Orthodox Jewish businessman vies for the crown at WSOP’s main event

He's vying for a top prize of a $1,553,256. Distenfeld has assured himself of $98,813 by reaching the final table. If he finishes sixth, he gets $215,222.

Poker cards and chips (photo credit: HISTORY CHANNEL/WIKIMEDIA COMMONS)
Poker cards and chips
(photo credit: HISTORY CHANNEL/WIKIMEDIA COMMONS)
As Gershon Distenfeld sees it, life and poker have their similarities – notably “a certain amount of uncertainty.”
“There is a little bit of luck involved — sometimes a lot of luck,” an Orthodox Jewish businessman from Bergenfield, New Jersey, told the morning show “Bloomberg Surveillance” last week, as reported by the Forward. “But in the end, skill does win out.”
Distenfeld, 43, is hoping any combination of luck and skill will land him the champion’s bracelet at the World Series of Poker’s final table starting Dec. 28 in Las Vegas. He sits in sixth place among the nine challengers in the no-limit Texas hold ‘em tournament, far off the chip lead, following two days of online play earlier this month.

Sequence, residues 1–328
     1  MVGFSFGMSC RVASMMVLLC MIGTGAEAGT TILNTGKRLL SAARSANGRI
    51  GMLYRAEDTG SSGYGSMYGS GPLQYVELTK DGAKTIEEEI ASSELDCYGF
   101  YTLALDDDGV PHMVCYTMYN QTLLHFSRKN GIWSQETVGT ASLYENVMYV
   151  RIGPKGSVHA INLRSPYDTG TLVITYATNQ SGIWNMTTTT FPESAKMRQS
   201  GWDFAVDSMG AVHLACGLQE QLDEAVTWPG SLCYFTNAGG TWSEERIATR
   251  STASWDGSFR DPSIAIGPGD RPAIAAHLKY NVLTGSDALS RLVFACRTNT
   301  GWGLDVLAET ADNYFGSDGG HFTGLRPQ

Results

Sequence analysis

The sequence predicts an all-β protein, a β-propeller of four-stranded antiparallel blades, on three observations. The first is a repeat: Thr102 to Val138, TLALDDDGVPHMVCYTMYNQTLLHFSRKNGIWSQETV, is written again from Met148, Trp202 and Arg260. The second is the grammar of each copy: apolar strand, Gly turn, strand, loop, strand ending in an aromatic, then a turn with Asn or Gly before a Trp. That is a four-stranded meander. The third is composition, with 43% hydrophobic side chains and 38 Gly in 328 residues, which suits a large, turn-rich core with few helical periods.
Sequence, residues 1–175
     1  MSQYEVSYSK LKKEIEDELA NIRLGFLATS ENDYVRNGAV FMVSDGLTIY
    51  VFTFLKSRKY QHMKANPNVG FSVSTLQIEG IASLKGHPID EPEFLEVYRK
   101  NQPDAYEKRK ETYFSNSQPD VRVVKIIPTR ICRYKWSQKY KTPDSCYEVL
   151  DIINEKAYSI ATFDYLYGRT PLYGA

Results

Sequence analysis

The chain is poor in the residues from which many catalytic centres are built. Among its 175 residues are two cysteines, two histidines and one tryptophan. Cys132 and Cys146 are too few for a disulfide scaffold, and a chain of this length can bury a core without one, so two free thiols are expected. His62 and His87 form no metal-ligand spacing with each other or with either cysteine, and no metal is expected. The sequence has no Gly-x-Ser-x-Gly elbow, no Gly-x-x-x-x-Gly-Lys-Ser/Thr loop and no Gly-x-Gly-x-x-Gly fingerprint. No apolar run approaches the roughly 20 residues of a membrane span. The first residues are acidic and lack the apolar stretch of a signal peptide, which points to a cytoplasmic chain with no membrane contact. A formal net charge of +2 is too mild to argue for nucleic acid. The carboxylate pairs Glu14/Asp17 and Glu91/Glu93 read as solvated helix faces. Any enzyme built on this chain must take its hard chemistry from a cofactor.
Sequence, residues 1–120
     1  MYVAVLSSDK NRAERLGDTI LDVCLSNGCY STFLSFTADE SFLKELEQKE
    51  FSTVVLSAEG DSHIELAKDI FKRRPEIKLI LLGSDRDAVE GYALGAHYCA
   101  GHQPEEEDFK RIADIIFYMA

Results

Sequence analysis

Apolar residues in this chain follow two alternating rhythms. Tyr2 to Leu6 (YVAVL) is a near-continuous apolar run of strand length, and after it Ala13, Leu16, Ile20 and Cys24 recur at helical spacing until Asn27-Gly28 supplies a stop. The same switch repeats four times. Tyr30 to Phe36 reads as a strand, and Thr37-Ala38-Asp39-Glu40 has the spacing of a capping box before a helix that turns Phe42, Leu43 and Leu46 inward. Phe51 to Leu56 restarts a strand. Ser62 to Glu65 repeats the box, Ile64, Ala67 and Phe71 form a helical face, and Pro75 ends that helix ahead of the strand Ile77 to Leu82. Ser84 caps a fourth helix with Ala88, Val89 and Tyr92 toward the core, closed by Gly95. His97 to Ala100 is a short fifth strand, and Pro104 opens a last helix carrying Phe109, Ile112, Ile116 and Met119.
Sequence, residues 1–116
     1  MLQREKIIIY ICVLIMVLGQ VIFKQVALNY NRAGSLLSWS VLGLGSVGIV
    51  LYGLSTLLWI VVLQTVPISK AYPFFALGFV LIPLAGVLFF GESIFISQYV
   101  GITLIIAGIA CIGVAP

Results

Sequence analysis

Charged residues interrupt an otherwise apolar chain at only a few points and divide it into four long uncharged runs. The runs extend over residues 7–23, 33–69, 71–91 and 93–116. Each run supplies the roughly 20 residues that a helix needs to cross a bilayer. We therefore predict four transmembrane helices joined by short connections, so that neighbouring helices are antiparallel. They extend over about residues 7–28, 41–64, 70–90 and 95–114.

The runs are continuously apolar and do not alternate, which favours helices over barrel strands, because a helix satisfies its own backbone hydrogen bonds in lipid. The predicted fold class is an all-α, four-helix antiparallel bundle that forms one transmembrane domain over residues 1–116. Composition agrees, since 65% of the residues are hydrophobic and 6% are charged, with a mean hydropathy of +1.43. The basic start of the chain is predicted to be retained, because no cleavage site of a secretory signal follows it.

So he’ll need the cards to fall correctly and make the proper calls — maybe a bluff or two? — to take the crown. Distenfeld is already in coveted territory reaching the main event’s final table, as 705 players paid the $10,000 entry fee for the prestigious tournament.
Due to COVID-19, the event moved online, so players had to be located in New Jersey or Nevada — thus dramatically narrowing the typical field of amateurs and pros from the thousands who typically compete in Las Vegas each year. They played only the two days rather than 10, and neither was on Shabbat, clearing the path for the observant Distenfeld.
They’re vying for a top prize of a $1,553,256. Distenfeld has assured himself of $98,813 by reaching the final table. If he finishes sixth, he gets $215,222.
The Yeshiva University graduate plans to donate all of his winnings from the tournament to charity.
Along with his poker playing and work as credit director at the asset management firm AllianceBernstein, Distenfeld also writes the blog “The Right Side of History,” launched in September to explore the effects of the pandemic on his Jewish community in Bergen County.
The Forward reported that his initial post, on curbing precautions at Jewish day schools, was widely circulated and drew over 100 comments.